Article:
Adolfo P. Esquivel
Al Gore
Alice Walker
Amitabha Sadangi
Anderson Cooper
Andrew Young
Ann Cotton
Annie Lennox
Arun Gandhi
Bart Weetjens
Benazir Bhutto
Betty Williams
Bianca Jagger
Bill Cosby
Bill Drayton
Bishop C.F.X. Belo
Bob Geldof
Bunker Roy
Carlos Santana
César E. Chávez
Chief L. George
Christ. Amanpour
Clarence B. Jones
Colin Powell
Connie Duckworth
Coretta Scott King
Craig Kielburger
Dalai Lama
Daniel Lubetzky
David Brower
David Ho
David Trimble
Desmond Tutu
Dith Pran
Dolores Huerta
Don Cheadle
Dorothy Height
Dorothy Stoneman
Elie Wiesel
Eric Schwarz
Frederik W de Klerk
Gary Cohen
Geoffrey Canada
George Clooney
George Lucas
George Mitchell
Gérard Jean-Juste
Gillian Caldwell
Greg Boyle
Greg Mortenson
Hafsat Abiola
Harry G. Belafonte
Harry Wu
Helen Caldicott
Henry A. Kissinger
Ida Jackson
Immaculee Ilibagiza
Ingrid Betancourt
Ingrid W. El-Issa

(Father) Gregory "Greg" Boyle, S.J.


(Father) Gregory “Greg” Boyle, S.J."Nothing stops a bullet like a job" is the cornerstone of Father Greg Boyle's faithful devotion to end gang violence, and the motto he spurred to life by creating the largest gang intervention program in the United States. One of eight children, Fr. Boyle was born in Los Angeles, in 1954, and went on to study both English and Divinity before serving as pastor of Dolores Mission Church in 1986, where he immediately began to discover pathways of outreach to the surrounding community of East LA. In 1992, at the height of the LA riots and brutal chaos in Los Angeles County, Boyle responded with action, creating Jobs For a Future (JFF), a revolutionary, brave program that offered education, child and human services, and legitimate employment opportunities to current and future gang members. Unlike the police forces, Boyle didn't view the young gang members as inhumane; rather, he saw them as particularly human, and vulnerable, and above all, able: so he put them to work, rather than into penitentiaries. Rival gang members worked side-by-side in Boyle's first humanitarian business venture, Homeboy Bakery, which soon grew so successful that it launched the non-profit Homeboy Industries-currently employing over 300 "street" youths, and turning away no one who asks for help. The impact of Fr. Boyle's work has been profound, and Homeboy Industries continues to be upheld as a model for reforming gang communities across the nation. Amongst numerous honors, Fr. Boyle received the California Peace Prize in 2000. Fr. Boyle's voice continues to ringout across university campuses, in the pages of the LA Times, and in conversations with gang members and street vendors: love unconditionally, he says. And shows us how everyday.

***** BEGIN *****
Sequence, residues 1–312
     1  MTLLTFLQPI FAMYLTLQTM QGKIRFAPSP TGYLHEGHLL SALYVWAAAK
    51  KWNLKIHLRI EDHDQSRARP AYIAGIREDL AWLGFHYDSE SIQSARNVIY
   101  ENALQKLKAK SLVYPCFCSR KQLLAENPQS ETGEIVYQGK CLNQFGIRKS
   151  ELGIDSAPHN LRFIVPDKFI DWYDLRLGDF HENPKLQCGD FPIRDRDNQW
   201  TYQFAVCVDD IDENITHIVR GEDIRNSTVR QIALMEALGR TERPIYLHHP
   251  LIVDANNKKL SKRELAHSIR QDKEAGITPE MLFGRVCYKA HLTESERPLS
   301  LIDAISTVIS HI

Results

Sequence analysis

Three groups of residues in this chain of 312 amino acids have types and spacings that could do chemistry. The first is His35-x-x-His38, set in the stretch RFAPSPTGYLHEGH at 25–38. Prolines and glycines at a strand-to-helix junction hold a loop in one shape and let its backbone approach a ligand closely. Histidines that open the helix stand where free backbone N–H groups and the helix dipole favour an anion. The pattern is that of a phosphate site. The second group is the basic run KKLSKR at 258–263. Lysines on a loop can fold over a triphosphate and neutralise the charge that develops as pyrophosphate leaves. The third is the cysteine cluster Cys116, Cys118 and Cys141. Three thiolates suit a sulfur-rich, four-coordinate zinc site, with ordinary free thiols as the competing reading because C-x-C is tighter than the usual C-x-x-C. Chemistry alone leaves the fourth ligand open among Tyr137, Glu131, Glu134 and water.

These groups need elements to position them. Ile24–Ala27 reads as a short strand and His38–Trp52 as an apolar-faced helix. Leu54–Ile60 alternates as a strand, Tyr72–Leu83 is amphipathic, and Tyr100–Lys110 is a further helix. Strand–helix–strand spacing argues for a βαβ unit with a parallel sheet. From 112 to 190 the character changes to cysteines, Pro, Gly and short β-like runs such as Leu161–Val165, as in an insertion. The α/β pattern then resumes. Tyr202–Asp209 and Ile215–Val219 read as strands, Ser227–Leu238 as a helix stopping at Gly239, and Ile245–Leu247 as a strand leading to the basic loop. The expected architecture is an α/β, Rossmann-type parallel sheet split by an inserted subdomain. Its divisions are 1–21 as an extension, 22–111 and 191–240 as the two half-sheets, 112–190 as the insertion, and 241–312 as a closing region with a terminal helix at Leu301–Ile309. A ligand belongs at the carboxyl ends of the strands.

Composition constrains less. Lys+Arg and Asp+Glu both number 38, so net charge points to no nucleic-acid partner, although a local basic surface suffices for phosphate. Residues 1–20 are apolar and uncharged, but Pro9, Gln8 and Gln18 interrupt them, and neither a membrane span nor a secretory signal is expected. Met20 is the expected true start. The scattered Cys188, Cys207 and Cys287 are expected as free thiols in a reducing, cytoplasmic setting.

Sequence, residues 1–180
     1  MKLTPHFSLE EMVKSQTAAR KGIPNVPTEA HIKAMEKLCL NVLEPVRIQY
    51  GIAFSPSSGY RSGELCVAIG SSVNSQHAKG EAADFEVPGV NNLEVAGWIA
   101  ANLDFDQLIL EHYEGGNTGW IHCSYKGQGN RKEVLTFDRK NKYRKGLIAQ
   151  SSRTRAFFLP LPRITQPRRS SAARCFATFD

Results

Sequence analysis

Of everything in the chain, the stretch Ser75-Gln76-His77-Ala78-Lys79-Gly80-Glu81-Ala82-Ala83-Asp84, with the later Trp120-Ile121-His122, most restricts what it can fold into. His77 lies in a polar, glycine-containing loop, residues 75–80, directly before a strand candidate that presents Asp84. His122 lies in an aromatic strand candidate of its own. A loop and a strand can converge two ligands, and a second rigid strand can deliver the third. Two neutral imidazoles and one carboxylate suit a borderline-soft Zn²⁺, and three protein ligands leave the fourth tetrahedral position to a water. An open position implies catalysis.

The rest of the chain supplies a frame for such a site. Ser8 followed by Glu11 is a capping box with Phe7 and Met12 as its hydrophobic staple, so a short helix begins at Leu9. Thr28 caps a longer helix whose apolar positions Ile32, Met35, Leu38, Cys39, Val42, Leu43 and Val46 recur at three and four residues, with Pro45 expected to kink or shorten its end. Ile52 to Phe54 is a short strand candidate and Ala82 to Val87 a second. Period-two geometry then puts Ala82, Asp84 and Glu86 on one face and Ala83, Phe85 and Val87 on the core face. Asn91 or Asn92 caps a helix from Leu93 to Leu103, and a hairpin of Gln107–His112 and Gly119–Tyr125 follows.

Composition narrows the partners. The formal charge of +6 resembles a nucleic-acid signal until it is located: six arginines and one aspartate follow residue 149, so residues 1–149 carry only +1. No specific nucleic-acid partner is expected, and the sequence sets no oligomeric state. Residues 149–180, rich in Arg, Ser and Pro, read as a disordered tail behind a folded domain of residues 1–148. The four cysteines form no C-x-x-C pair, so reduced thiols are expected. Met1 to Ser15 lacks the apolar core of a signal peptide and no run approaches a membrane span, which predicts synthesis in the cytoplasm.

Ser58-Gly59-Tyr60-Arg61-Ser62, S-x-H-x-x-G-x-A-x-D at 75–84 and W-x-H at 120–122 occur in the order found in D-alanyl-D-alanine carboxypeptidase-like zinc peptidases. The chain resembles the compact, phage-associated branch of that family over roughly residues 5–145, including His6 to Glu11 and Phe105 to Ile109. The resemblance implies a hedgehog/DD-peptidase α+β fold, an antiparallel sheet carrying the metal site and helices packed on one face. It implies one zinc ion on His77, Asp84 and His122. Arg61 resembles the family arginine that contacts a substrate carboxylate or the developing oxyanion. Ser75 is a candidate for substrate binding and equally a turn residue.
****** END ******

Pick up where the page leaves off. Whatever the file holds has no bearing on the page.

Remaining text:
"Nothing stops a bullet like a job."

"Community will trump gang any day."


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